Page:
November 18, 2010
A weekly feature provided by scientists at the Hawaiian Volcano Observatory.
Life-sustaining habitats on Mars: science, fiction, or fantasy?
E.T., the stranded alien botanist from the blockbuster 1982 movie, may have been the most popular extraterrestrial in recent history; but he had no identified home planet.
In contrast, Mars and Martians have captured the imagination of science fiction writers and the public for centuries. The dramatic 1938 radio adaptation of H.G. Wells' 1898 novel, War of the Worlds, convinced some listeners that an actual alien invasion by Martians was in progress.
Scientists, too, have long speculated about the possibility and current status of life on Mars, owing to the planet's proximity (one step beyond Earth in orbit around the sun) and similarity to Earth.
For instance, the two planets share similar surface features, such as volcanoes, polar ice caps, mountains, and valley networks. A Martian day is only 40 minutes longer than an Earth day. Due to a similar tilt on its axis, Mars experiences seasons just as Earth does, although nearly double the length, as the Martian year is nearly twice that of Earth.
Both Earth and Mars have large temperature fluctuations, with Earth's ranging from -60 to 120 degree Fahrenheit (-50 to 50 degree Celsius) and Mars' temperature ranging from -220 to 68 degree Fahrenheit (-140 to 20 degree Celsius).
Mars has an atmosphere very different than Earth's, consisting mainly of carbon dioxide (95 percent). The atmosphere of Earth is mainly nitrogen (78 percent), oxygen (21 percent), and argon (1 percent), with a small amount of carbon dioxide (0.039 percent). Mars' thin atmosphere has a pressure of about one-thousandth that of the Earth's surface, which means that liquid water can not exist in most places on the planet's surface.
Were Mars' surface conditions previously—or are they currently—supporting life? A series of exploration missions over the decades has continued to tantalize space enthusiasts with interesting findings. In the 1960s, Mariner 4 transmitted close-range images of the red planet; in the 1970s, Viking searched for (and some say found) signs of Martian life; and in 2008, the Phoenix lander confirmed the presence of ice near the planet's surface.
Researchers have been using Hawai'i's landforms as Mars analogs for many years, having recognized that they are the closest earthly counterparts to Martian volcanoes. Recent studies look to Hawaiian pit craters to reveal new information that may help confirm the existence of Martian life.
Typically, a pit crater is a circular depression formed by the collapse of the ground surface lying above a void. On Mars, they are generally bowl-shaped with floors that curve gradually to the upper rims.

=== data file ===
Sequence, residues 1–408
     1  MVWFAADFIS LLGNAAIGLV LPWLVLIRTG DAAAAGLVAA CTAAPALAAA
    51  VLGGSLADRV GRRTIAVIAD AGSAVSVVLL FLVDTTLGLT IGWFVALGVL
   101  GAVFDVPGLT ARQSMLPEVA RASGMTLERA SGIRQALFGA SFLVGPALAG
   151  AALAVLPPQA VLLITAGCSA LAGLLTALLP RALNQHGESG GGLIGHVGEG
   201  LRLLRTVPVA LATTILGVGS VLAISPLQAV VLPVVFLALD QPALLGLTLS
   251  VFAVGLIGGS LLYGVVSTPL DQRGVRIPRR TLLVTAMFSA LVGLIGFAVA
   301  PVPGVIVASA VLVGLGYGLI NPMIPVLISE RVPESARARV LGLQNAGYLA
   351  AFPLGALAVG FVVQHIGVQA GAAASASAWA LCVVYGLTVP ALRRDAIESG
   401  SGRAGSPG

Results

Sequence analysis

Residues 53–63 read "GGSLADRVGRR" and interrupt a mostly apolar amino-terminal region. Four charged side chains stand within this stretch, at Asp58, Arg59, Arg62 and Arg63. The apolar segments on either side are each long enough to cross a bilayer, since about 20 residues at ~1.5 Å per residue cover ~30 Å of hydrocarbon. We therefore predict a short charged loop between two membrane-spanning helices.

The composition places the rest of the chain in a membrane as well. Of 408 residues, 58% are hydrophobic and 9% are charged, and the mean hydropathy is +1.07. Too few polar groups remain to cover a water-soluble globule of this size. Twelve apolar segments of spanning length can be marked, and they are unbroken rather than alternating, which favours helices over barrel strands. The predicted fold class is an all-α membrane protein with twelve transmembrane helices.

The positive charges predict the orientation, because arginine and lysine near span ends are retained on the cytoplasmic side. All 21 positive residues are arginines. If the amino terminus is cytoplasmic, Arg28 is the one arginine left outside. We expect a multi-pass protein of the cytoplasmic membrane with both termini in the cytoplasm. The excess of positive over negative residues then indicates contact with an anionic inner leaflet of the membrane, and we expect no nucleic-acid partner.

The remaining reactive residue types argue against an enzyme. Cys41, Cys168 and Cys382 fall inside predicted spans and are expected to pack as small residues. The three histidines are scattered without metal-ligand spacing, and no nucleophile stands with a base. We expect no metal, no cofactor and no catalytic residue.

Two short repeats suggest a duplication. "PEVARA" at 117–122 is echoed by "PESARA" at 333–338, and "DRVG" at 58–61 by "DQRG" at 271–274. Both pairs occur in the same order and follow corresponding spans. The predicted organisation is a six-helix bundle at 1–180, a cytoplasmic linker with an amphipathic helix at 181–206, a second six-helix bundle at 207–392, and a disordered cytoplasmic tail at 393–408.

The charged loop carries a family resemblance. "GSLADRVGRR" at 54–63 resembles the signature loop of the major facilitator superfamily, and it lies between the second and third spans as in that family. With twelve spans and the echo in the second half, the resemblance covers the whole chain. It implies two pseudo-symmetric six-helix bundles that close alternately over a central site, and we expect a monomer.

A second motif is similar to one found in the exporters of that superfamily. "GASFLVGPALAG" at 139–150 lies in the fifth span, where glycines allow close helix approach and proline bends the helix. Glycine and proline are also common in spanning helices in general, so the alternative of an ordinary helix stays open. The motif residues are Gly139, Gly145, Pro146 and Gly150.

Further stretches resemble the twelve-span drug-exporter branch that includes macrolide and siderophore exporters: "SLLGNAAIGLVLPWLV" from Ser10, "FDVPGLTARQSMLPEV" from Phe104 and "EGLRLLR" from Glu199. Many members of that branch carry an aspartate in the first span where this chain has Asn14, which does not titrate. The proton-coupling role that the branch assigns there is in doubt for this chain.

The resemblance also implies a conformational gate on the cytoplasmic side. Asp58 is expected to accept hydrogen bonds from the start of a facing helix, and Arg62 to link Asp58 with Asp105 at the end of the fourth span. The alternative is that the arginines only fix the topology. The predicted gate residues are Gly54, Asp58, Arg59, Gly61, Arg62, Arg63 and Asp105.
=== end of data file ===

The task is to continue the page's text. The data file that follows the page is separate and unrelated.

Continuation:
A small number of Martian pit craters, known as Anomalous Pit Craters (APCs), look and behave differently than Typical Pit Craters (TPCs), as imaged from space. For instance, they are deeper than expected for their diameters, appear to have cylindrical (rather than bowl-shaped) interiors with vertical or overhanging inner walls, and exhibit thermal behaviors that are strikingly different from those observed in Typical Pit Craters. The difference in thermal behavior between Anomalous and Typical Pit Craters may be significant.
Space-based thermal-infrared observations show that Typical Pit Crater temperatures fluctuate widely with the dramatic warming and cooling cycles that occur during a Martian day. However, the Anomalous Pit Craters experience smaller variations, suggesting that the interior of the crater controls, or at least heavily damps, the Anomalous Pit Crater temperatures.
On Earth, cave systems show the same lack of daily and seasonal temperature variations that are observed in the Martian Anomalous Pit Craters. At Kilauea, there are pit craters that have extensive systems of underground caverns and lava-tube caves. Ongoing work strives to identify the thermal signature for these pit crater-cave combination features to see whether they are similar to the thermal behaviors of the Martian Anomalous Pit Craters. If so, the Martian Anomalous Pit Craters may also contain subsurface cave systems.
Caves in the Martian landscape are important because they may serve as hospitable habitats for potential future human visitors and because caves may be among the places on Mars that contain preserved evidence of past or present microbial life.
Currently, Mars is dimly visible in the evening twilight. While a space party in the Anomalous Pit Craters of our neighbor planet may not be imminent, the future may bring discoveries that seem lifted straight from the pages of a science fiction novel.
Kīlauea Activity Update
Lava continues to enter the lava tube system and is carried downslope to the Puhi-o-Kalaikini lava delta, near Kalapana, where it enters the ocean and creates a steam plume. Several small breakouts have been active this week on the lower pali and coastal plain, with most of the lava directed west of the lava tube.
At Kīlauea's summit, the circulating lava lake deep in the collapse pit within the floor of Halema`uma`u Crater has been visible via Webcam throughout the past week. The circulation pattern was interrupted sporadically by abrupt increases in the height of the lava surface. These periods of high lava level have been short-lived, lasting up to several hours, and each ended with a sudden drop of the lava surface back to its previous level. Volcanic gas emissions remain elevated, resulting in high concentrations of sulfur dioxide downwind.
No earthquakes beneath Hawai`i Island were reported felt during the past week.
Visit our Web site (http://hvo.wr.usgs.gov) for detailed Kīlauea and Mauna Loa activity updates, recent volcano photos, recent earthquakes, and more; call (808) 967-8862 for a Kīlauea activity summary; email questions to askHVO@usgs.gov.
Updated: January 4, 2011 (pnf)